March was a rainy month that year, with cold sea fogs drifting up the Piscataqua and hard rain beating on the roofs all night, gray day following gray day. Lydia taught her school girls French—“Ouvrez la porte,” “Voici la fenêtre,” “Très bien,” and “S’il vous plaît.” She went wary of Dorothy now, embarrassed in the company of one who stood so close to her and knew so much of her affairs, and the girl herself seemed to prefer to walk apart, keeping her own silences. Together they watched Frances nurse her son, and then return him to his cradle and hurry off to the seamstress who was making her four new dresses: silks as sheer as cobwebs and delicate sprigged muslin colored like apple blossoms, soft pink and creamy white. Frances was blooming herself, radiant as a springtime tree, her body slender again save for her bosom; and the fuller curves that motherhood had brought to it were no bad thing, she told Lydia complacently, standing naked in front of her looking glass. Perhaps she had forgotten those words that burst from her mouth during the sweat and anguish of labor. “Wait till I am well, Miss! We will see how long Hugh Giffard will look at you!” Perhaps she had spoken them in some strange delirium, herself quite unaware. In any case, she had merely shrugged her shoulders when she heard of Lydia’s expected betrothal.

“A handsome lad,” she had commented with a small taunting smile, “and of good family, John says, but without a shilling to his name. Your friend in Londonderry had at least a flax field and a few acres of white pine.”

“I do not marry for shillings and white pine,” Lydia had retorted, but Charles Mary cried out then, and they had spoken no more of the matter; not at that moment, nor in the dull gray days after the men had gone.

And then one day, almost before she had time to think whether she missed him or no, Hugh came riding in just at noon. He was on his way to Boston, he said, and could not tarry, save for a meal and an hour or so of talk. He and Frances and Lydia sat for a long time at the dinner table over tiny Venetian glasses full of brandy, Dorothy having slipped away upstairs to take her turn at rocking the cradle that was seldom still.

“Why does my governor send you to Boston, sir?” asked Frances lightly, turning her glass round and round in her fingers and lifting it, barely touching her lips to the fiery liquid within.

“More for news than aught else, I think,” answered Hugh with the same lightness. “I have letters to General Gage, of course. I believe His Excellency is urging again that the troops be sent here. I had the effrontery to tell him I thought it was a mistake.”

“Hugh,” said Frances, putting down her glass and leaning forward, the laughter quite gone from her gray-green eyes and her arching brows drawn to a sober line, “sometimes I wonder how you stand in all this. You are an Englishman, born and bred so, but too often, it seems to me, you argue the cause of our Portsmouth neighbors against John.”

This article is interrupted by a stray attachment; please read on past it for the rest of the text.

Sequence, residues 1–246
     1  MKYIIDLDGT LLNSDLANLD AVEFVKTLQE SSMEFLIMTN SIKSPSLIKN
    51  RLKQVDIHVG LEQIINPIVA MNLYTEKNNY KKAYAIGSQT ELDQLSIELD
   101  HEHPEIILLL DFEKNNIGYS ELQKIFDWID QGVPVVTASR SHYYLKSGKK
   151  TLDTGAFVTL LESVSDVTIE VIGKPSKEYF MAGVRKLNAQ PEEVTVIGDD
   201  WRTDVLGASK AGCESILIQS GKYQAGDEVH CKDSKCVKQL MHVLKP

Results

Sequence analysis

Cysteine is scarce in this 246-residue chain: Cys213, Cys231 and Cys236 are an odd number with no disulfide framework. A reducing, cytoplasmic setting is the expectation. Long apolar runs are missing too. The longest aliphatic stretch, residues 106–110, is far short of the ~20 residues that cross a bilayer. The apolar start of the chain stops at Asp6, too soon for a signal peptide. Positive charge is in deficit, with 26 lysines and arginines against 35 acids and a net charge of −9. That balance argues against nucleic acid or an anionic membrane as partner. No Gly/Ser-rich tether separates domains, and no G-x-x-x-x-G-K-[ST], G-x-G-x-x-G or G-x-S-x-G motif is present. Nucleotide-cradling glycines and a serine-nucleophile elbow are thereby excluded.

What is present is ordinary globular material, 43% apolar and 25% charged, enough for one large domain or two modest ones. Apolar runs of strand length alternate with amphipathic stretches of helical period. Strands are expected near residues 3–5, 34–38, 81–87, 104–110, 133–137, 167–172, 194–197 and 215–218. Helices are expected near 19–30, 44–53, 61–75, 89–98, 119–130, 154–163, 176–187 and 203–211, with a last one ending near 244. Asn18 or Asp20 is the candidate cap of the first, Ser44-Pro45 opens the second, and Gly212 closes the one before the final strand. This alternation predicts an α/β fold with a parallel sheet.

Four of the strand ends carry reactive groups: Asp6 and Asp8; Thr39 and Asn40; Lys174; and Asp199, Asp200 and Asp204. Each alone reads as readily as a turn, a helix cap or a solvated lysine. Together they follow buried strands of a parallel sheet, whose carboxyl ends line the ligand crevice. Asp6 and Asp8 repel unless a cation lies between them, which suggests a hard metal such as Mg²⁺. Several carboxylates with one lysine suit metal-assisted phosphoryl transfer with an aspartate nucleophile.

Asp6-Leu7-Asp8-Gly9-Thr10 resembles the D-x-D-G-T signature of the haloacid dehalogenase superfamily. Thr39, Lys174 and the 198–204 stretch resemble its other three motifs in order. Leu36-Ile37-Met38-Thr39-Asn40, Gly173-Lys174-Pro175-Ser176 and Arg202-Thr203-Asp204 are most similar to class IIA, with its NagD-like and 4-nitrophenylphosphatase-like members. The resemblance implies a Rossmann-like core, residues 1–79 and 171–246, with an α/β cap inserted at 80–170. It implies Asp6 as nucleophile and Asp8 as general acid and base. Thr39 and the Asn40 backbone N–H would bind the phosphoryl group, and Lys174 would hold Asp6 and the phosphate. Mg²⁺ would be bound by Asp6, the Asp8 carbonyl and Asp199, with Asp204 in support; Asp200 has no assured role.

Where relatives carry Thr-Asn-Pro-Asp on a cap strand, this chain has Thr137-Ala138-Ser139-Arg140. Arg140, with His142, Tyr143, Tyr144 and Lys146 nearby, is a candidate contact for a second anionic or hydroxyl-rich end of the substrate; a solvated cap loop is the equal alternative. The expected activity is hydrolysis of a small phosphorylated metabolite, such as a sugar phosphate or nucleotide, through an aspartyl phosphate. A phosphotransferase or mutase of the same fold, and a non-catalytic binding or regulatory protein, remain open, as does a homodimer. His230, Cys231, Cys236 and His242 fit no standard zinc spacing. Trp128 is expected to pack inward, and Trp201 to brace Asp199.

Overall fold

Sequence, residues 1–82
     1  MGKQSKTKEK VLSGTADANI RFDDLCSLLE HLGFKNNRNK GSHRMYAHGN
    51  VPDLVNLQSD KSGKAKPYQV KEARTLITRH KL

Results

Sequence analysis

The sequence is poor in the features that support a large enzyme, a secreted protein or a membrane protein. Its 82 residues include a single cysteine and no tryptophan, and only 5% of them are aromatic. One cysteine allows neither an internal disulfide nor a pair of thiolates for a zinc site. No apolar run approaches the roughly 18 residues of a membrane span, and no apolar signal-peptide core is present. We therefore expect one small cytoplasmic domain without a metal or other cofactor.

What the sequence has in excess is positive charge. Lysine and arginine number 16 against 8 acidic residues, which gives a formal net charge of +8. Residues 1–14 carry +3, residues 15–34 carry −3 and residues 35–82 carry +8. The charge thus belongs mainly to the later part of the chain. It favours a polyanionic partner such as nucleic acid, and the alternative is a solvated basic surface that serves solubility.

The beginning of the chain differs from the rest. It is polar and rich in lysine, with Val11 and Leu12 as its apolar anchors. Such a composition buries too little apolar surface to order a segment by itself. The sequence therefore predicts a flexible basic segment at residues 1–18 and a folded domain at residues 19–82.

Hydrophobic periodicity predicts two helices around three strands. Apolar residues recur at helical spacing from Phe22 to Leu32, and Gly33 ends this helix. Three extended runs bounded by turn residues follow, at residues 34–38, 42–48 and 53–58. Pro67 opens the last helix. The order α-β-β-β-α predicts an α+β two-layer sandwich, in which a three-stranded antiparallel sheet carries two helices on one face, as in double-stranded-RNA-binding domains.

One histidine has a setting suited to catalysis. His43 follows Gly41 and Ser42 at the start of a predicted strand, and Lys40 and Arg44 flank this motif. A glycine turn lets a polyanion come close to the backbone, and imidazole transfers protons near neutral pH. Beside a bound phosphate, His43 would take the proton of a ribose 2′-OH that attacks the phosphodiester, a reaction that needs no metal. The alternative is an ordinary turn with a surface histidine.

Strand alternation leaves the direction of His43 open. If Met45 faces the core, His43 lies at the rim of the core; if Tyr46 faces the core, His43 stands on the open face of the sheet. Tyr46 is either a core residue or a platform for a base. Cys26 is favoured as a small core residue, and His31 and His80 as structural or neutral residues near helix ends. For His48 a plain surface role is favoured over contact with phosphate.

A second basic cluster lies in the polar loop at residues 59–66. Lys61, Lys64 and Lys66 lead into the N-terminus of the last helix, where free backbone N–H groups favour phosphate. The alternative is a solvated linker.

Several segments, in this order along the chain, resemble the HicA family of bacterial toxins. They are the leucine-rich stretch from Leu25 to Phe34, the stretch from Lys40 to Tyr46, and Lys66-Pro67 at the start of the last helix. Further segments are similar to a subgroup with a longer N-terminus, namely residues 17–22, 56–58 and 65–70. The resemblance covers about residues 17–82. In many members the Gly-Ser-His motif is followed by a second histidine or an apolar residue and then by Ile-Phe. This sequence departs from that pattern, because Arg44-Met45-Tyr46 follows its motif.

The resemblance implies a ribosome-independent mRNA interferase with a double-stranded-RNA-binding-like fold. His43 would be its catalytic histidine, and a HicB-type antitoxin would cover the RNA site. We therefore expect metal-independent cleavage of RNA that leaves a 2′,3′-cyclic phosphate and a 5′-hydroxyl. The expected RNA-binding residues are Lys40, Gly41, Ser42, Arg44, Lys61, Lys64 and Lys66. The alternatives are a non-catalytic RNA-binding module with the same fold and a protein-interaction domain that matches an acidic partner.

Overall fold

She might not have been there, Lydia thought, for all the attention they paid her. They were oblivious of everything except themselves. Their speech was public speech, dealing with the affairs of nations, and yet there was a throbbing intimate tone about it, revealing that they did not speak as public figures, but as a woman and a man. Better not try to fathom that, Lydia decided. If she understood their words, she had enough to do.

“Sometimes I wonder myself how I stand in it,” he answered, his gray eyes dark and troubled. “Sometimes in the night I cannot sleep, and I toss in the bed and ask myself over and over how it can be that in America I think more like the Americans and less like John. And John was born an American, but his thinking grows every day more English, just as a disease grows on a man. Less and less he understands the men he grew up with here in Portsmouth, and more and more he talks like the Tory squires at home, who have no understanding or love for America—only a tremendous confidence that they can and should rule it. Why it happens so with John, I cannot tell. But for myself, it makes me think of something my father said—”

Frances was watching him intently. She poured more brandy into his empty glass. Then she leaned forward, her elbows on the table, her pointed chin in her soft hands. “What,” she asked him, “did your father say?”

“Why, he was speaking of our family. We were Norman, you know, and came into England with the great duke. We came as conquerors, but it was England who conquered us in the end, my father said. We took on too many of the Saxon ways ever to go home to France again, and be as we were. I wonder if America has conquered me, for it seems that whenever these men about here take exception to the acts of Parliament and the King, I feel that according to all justice and law and the freedom God gives a man when he makes him a man, they are right!”

Frances looked at him sideways through her long dark lashes. Then she rose from the table and caught up her skirts daintily, ready to depart.

“Well, at least in one way you are conquered by America. You have yielded to the charms of our women so far that you have chosen an American wife—?” She put it as a question. An edge had come in her voice, Lydia noticed, and a harsh glint into her eye.

Hugh stood up, too, a dark red flush on his cheek bones. “Yes, I have,” he said simply, and stood there looking straight before him, both hands lying on the tablecloth, the knuckles clenched and white; not smiling at Lydia, as she thought he might have done. “I have indeed chosen so.”